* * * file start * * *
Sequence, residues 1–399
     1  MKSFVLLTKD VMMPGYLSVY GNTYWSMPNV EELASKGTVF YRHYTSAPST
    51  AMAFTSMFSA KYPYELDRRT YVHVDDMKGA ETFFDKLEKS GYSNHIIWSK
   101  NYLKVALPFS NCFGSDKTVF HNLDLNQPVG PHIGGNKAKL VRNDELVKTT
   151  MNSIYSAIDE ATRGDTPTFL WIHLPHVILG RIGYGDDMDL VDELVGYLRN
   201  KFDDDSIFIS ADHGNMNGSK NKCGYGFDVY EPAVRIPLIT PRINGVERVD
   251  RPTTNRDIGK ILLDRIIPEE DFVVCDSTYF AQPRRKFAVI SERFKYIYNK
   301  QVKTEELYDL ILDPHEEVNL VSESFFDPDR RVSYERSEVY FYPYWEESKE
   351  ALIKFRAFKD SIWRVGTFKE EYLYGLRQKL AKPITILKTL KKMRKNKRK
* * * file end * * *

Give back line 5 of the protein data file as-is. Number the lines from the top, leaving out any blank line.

   151  MNSIYSAIDE ATRGDTPTFL WIHLPHVILG RIGYGDDMDL VDELVGYLRN